It has, up until this time, been found to b'e impossible to coat the interior of a synthetic rubber roll cover with a liquid adhesive, allow the sameI to dry, and thereafter apply the cover to a roll core after moistening the adhesive. No adhesive thetic material sufficiently well to permitV this to be done. A fabric lined roll cover made in accordance with my improved process however, may be glue coated interiorly, dried,- and applied to a roll core at any time subsequently, after the adhesive has been moistened. The practical advantage of so forming the improved cover will be apparent.
It is the purpose of the present invention to provide a textile roll the cover of which is fabricated of the desired synthetic resilient rubberlike material, made for instance in accordance with the teachings of Patent 1,929,453, but in which the cover is firmly attached to the surface of the supporting metallic core and is uniform in density and effectiveness throughout.
It is also a purpose of the present invention to provide a method whereby the attachment of a cover of this specified material to the metallic surface of a core may be readily and economically eii'ected. A roll constructedv in accordance with the present invention comprises, in addition to the customary metallic core, a seamless known seems to be able to adhere to the synticed by the fabrication'of a substantial number of roll covers at a single operation, both the synthetic rubber and the fabric tubes being relatively long prior to and after assembly and the resultinglined tube, after application'of glue to the inner surface of the lining, being transversely severed into short cylindrical members of the length required.
In the accompanying drawing one form of the roll is illustrated and in other views are-shown the several elements which Iare ultimately combined to form the roll cover.
In the drawing:
Figure l is a side elevation of a portion of a textile roll of the type specified, a portion of the cover being broken away;
Figure 2 is a side elevation of a tubular member fabricated of synthetic resilient rubber-like material; i
Figure 3 shows in side elevation a textile fabric tube of seamless nature;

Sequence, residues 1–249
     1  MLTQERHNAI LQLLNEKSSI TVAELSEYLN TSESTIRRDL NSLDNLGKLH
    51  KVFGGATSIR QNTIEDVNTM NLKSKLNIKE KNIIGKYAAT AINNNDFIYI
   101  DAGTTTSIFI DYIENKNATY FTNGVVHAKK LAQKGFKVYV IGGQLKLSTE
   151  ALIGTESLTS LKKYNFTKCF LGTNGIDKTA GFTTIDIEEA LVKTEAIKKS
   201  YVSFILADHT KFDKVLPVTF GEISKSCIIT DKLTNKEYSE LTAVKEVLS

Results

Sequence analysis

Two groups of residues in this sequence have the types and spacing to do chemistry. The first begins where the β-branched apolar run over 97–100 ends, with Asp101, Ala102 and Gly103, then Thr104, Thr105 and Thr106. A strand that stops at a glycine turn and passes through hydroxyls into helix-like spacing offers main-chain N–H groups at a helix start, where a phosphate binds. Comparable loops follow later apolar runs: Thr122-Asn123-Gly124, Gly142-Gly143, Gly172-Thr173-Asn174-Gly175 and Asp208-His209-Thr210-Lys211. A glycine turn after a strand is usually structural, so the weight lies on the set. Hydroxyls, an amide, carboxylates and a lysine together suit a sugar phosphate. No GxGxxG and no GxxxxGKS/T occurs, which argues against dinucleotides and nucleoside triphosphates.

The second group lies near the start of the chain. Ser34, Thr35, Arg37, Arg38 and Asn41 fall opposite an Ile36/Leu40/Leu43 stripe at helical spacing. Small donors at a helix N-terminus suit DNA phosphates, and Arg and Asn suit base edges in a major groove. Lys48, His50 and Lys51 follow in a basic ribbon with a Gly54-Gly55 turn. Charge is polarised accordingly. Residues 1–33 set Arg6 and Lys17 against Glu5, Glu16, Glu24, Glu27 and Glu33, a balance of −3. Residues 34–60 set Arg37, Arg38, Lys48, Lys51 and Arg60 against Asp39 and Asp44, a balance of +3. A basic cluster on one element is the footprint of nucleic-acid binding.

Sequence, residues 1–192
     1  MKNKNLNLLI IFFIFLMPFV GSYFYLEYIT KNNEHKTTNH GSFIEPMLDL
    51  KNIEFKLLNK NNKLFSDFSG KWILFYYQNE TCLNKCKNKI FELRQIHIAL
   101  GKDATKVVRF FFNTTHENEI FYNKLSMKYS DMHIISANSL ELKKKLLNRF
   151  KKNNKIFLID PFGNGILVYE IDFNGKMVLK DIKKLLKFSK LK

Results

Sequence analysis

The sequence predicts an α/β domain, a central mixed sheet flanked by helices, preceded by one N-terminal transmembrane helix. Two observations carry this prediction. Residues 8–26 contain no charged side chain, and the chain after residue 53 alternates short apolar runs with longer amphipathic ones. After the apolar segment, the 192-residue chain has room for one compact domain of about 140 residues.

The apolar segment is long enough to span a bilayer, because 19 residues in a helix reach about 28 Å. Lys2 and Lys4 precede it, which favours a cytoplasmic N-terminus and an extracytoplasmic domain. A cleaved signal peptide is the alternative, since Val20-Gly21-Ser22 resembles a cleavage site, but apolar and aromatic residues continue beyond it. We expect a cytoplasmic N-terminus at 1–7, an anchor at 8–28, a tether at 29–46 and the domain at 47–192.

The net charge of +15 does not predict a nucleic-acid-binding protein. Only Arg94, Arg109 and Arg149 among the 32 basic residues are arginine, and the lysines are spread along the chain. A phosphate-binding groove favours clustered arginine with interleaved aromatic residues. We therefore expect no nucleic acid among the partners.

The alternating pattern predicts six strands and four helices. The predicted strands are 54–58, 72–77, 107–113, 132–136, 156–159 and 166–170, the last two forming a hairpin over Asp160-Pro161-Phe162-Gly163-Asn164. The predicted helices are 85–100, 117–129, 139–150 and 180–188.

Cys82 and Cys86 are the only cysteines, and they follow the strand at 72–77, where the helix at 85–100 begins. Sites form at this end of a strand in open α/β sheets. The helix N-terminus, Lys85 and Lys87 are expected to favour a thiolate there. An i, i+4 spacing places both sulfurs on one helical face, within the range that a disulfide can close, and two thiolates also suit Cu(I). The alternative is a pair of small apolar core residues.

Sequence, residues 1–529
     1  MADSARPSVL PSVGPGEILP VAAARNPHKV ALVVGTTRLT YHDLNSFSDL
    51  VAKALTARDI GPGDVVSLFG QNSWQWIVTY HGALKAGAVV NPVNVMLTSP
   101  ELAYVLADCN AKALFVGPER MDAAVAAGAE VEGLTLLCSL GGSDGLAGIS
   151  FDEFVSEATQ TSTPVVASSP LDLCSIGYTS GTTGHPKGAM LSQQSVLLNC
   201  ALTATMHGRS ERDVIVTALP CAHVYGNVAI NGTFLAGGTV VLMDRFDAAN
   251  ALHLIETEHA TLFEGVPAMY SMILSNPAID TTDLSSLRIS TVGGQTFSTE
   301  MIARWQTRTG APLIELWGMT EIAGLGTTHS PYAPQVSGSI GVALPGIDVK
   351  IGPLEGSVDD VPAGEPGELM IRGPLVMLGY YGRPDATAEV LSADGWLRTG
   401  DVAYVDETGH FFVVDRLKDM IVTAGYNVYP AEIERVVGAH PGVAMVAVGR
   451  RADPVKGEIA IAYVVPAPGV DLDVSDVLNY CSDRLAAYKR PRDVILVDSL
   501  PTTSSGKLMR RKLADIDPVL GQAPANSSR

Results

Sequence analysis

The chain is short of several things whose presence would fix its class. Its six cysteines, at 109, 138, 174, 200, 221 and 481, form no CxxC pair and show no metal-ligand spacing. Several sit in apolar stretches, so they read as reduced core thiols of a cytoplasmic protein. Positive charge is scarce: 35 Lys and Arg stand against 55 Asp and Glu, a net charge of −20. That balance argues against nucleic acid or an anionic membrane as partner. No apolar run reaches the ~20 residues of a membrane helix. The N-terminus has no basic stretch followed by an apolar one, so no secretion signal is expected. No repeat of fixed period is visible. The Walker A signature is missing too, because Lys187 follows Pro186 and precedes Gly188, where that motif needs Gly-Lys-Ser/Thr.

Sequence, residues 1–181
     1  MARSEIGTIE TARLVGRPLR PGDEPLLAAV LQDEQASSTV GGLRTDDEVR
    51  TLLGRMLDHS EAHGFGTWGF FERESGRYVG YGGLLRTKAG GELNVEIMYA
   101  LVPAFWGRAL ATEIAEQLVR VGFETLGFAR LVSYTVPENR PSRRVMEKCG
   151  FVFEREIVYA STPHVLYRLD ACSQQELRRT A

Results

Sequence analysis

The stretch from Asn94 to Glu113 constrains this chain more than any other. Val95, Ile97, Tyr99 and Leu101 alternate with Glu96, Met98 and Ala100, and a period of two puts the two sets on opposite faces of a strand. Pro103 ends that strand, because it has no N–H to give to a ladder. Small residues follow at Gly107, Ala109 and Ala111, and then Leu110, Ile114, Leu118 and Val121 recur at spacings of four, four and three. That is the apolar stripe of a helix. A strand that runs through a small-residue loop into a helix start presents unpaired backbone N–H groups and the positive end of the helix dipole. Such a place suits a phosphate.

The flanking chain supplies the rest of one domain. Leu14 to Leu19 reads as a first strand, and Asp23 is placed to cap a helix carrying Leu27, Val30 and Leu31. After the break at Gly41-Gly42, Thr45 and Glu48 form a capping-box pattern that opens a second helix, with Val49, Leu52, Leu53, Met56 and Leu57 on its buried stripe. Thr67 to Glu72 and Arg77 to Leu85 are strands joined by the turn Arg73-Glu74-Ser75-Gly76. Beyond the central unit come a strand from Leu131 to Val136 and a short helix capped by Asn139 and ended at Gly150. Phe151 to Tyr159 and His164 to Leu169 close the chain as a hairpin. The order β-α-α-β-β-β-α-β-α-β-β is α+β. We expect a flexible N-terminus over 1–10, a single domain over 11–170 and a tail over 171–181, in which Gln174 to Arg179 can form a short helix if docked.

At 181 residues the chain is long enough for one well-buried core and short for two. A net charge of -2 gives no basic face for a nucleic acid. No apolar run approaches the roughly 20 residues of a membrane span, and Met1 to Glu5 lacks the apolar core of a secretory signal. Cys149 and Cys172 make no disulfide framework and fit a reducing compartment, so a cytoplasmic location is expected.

Figure 4 shows, partially in sideelevation and partially broken away, the cover and fabric tube assembled together and supported upon a man` drel; and
Figure 5 ldiscloses the completed tube and indicates the manner in which the tube is severed preferably seamless and is fabricated by extrudsleeve of textile fabric closely encircling the cylindrical surface of'the core and in turn being closely encircled by the covering of synthetic relA silient rubber-like material, the intermediate fabric layer being secured to the surface of the core by a suitable adhesive, for instance any of the. usual glues, and the intermediate fabric layer itself is fabricated.
The method of assembling the several component parts of the roll involves the preliminary formation yof a hollow cylindrical cover `of resilient synthetic rubber-like material, this cover being preferably formed by an extrusion process or molding process, so that it is entirely seamless. As a preliminary step also a seamlessA tube of textile fabric is made, being preferably woven, knitted, or braided of cotton yarn, the outer diameter of this fabric tube being approximately the same as the inner diameter of the cover,
. to that at which the synthetic material of which the cover is composed softens or fuses and intimately engages the fabric tube. Thereafter the into short llengths to provide' the desired roll covers.
The tubular member III shown in Figure 2 is ing or molding a body of resilient synthetic rub- .ber-likematerial, for instance of the composition defined in Patent 1,929,453. It is preferably of such length that, at the completion of the process, it can be transversely severed into a plurality of roll covers. Itsinternal diameter is slightly larger than the external diameter of the metal core II upon which it is to be eventually mounted. 'I'he seamless knitted, woven or braided textile tube I2 Vmay be fabricated of cotand the-inner diameter of the fabric tube being cover as thus lined is allowed to cool and the bond so solidify. Finally the inner surface of the fabric lining .of the cool cover is coated with glue and allowed to dry. The lined cover may then be readily assembled with a metallic core by moistening the inner coating of glue, drawing the cover `over the core while the glue is ln'moist condition, and allowing the same to harden. 'Ihe built-up cover is firmly retained in position upon the core when the glue is' hardened and will not become loose as'the result of any ordinary shock or circumferential force which may be applied.
The method may be most economically practon or other fibrous material and its outer diameter is such that it may be drawn into the tube Il freely and will make full contact with the inner wall of the tube, without wrinkling.